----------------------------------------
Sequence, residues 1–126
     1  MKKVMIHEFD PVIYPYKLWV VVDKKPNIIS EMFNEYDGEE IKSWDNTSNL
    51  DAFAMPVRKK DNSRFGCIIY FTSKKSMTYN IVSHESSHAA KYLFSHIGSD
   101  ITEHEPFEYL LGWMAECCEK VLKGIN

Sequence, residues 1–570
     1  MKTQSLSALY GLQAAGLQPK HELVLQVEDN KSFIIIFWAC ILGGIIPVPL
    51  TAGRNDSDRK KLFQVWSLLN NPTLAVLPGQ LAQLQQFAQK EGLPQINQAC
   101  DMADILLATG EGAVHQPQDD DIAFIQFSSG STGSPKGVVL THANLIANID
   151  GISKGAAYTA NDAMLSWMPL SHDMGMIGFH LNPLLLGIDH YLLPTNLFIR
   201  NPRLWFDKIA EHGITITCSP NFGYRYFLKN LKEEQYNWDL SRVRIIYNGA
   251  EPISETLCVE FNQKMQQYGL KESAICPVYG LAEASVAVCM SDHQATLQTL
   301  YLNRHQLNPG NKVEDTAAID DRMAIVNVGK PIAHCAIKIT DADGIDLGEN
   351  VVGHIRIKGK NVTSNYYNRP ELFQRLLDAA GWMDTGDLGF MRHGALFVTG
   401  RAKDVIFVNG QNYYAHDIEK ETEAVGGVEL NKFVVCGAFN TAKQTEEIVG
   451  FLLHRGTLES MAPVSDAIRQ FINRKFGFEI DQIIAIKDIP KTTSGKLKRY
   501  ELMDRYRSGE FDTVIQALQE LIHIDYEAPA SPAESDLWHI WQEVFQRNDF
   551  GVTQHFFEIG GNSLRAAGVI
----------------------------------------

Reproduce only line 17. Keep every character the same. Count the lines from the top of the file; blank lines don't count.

   551  GVTQHFFEIG GNSLRAAGVI